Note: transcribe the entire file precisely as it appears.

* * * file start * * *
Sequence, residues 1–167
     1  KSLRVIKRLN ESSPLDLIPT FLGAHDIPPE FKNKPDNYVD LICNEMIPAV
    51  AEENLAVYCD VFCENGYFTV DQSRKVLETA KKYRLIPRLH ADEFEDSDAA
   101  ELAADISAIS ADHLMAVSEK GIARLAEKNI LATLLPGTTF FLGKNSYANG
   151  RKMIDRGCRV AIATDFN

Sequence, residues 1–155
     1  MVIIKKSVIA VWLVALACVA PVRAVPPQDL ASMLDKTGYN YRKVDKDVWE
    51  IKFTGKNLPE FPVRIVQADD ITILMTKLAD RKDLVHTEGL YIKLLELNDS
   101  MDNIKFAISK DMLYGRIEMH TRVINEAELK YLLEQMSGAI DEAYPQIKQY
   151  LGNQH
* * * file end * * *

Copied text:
Sequence, residues 1–167
     1  KSLRVIKRLN ESSPLDLIPT FLGAHDIPPE FKNKPDNYVD LICNEMIPAV
    51  AEENLAVYCD VFCENGYFTV DQSRKVLETA KKYRLIPRLH ADEFEDSDAA
   101  ELAADISAIS ADHLMAVSEK GIARLAEKNI LATLLPGTTF FLGKNSYANG
   151  RKMIDRGCRV AIATDFN

Sequence, residues 1–155
     1  MVIIKKSVIA VWLVALACVA PVRAVPPQDL ASMLDKTGYN YRKVDKDVWE
    51  IKFTGKNLPE FPVRIVQADD ITILMTKLAD RKDLVHTEGL YIKLLELNDS
   101  MDNIKFAISK DMLYGRIEMH TRVINEAELK YLLEQMSGAI DEAYPQIKQY
   151  LGNQH